Promoting best practice in public involvement
25 July 2017
In a move to promote best practice in public involvement, the SPCR has funded six pilot ‘pre-grant’ involvement workshops to support potential FR15 and FR16 funding bids.
One workshop hosted in Bristol was entitled ‘Involvement for NIHR SPCR FR15/16: A panel and participation event for members of SPCRcentres’ and allowed individual researchers to pitch their research idea to a panel for feedback. Alternatively, attendees could play ‘Partneropoly’ (pictured below), acustomised, innovative and engaging way to interact with the public and discuss research. Catherine Jameson (Public Involvement and Engagement Co-ordinator for the Centre for Academic Primary Care, University of Bristol) has written about the day for our blog.
Five separate SPCR workshops focussed on specific aspects of public involvement or research themes were hosted at the University of Oxford:
- Clinical Trials - online recruitment and electronic health records
- Involving the public, patients and practitioners in general practice workforce research
- Public involvement with children and young people in primary care research
- Research into public involvement: PPI in quantitative research methodologies
- Diversity in PPI in primary care
These workshops ran over the course of a day in two 2-hour sessions. The morning sessions featured collaborative discussions about issues relating to the session theme. The afternoon then concentrated on projects and recommendations for future work. For example, the ‘Public involvement with children and young people in primary care research’ plan to co-create a young person’s group for involvement in primary care research, to support SPCR funded departments in funding and project involvement activities.
Very interesting, everyone very open to comments, wide ranging and freeform discussion
- Public Contributor
Reports and recommendations from each group will be available to all SPCR partner departments, designed to help researchers plan and conduct public involvement for FR15 and FR16 bids.
The feedback from public and SPCR attendees alike was incredibly positive, with all attendees stating the events they attended were useful, with comments such as ‘Very interesting, everyone very open to comments, wide ranging and freeform discussion’ and ‘Good to have diverse inputs to session’. Constructive feedback on these pilot sessions about structure, organisation, and location will inform any future events.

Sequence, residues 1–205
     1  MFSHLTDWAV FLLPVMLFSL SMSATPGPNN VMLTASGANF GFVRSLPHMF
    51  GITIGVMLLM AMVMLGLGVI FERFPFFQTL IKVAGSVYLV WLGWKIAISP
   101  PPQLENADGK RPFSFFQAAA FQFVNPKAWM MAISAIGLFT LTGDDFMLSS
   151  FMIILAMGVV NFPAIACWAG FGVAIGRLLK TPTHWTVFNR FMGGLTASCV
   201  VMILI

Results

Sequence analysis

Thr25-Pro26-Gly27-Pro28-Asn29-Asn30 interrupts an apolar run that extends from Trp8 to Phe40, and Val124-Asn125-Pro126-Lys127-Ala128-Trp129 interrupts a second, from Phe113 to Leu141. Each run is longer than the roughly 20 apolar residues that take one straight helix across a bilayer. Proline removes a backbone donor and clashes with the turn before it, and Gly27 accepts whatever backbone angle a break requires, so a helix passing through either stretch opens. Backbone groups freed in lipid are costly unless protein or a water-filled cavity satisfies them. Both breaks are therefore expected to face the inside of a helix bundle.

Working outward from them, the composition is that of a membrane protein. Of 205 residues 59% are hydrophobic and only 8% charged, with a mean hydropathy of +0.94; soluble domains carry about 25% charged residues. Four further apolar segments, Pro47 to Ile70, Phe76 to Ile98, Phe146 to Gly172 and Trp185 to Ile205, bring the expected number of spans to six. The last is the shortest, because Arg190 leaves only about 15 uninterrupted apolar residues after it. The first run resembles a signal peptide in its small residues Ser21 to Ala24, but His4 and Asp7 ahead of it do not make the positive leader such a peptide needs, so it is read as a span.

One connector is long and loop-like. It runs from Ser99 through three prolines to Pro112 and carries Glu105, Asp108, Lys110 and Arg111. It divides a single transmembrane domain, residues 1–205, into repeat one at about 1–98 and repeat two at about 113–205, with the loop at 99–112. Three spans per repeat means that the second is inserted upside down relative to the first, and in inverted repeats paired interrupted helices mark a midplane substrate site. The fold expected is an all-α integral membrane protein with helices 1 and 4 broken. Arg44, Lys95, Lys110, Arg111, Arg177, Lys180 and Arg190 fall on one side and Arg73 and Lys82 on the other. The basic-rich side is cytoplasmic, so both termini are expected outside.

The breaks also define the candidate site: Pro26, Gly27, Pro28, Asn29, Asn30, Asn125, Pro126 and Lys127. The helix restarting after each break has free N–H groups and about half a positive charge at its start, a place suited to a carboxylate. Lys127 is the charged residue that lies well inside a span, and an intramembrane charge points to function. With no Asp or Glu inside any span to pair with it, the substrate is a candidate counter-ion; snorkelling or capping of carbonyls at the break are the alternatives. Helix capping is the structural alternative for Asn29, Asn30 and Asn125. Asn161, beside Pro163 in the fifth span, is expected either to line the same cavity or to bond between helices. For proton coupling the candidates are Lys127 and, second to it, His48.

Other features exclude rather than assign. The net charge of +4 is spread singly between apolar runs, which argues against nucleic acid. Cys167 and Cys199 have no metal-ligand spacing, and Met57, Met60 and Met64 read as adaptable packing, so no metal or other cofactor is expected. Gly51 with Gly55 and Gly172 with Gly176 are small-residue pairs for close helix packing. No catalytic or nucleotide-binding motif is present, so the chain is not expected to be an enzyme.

We would like to thank all the public attendees for their time and enthusiastic contributions at all these events, and to the researchers and involvement leads for their openness and engagement. As a pilot scheme, I think we can say this has been a resounding success. There have been lessons learned for future events, and a lot of useful discussion that can be taken forward to inform best practice in research involvement.
You can read a public perspective of the ‘Clinical Trials - online recruitment and electronic health records’ here, by Eric Deeson, and a researcher’s perspective of the ‘Diversity in Patient and Public Involvement’ by Rose Watson here. Reports on the day’s outcomes are coming soon.
If you would like advice on a public involvement event, you can contact your local PPI Lead, or see our PPI resources section.
What to read next
The SPCR recently hosted 6 workshops to promote patient and public involvement in the early stages of study design, to support potential FR15 and 16 funding bids. One such workshop titled 'Clinical trials- online recruitment and electronic health records' was attended by public contributor Eric Deeson, who has written about his experiences on the day.
I heard about this workshop after helping out Bethany Bareham at a training event for PGR students in Newcastle University (read about it here). I found one of the issues raised in that event with regards to how to engage with a bigger variety of people during PPI activities fascinating.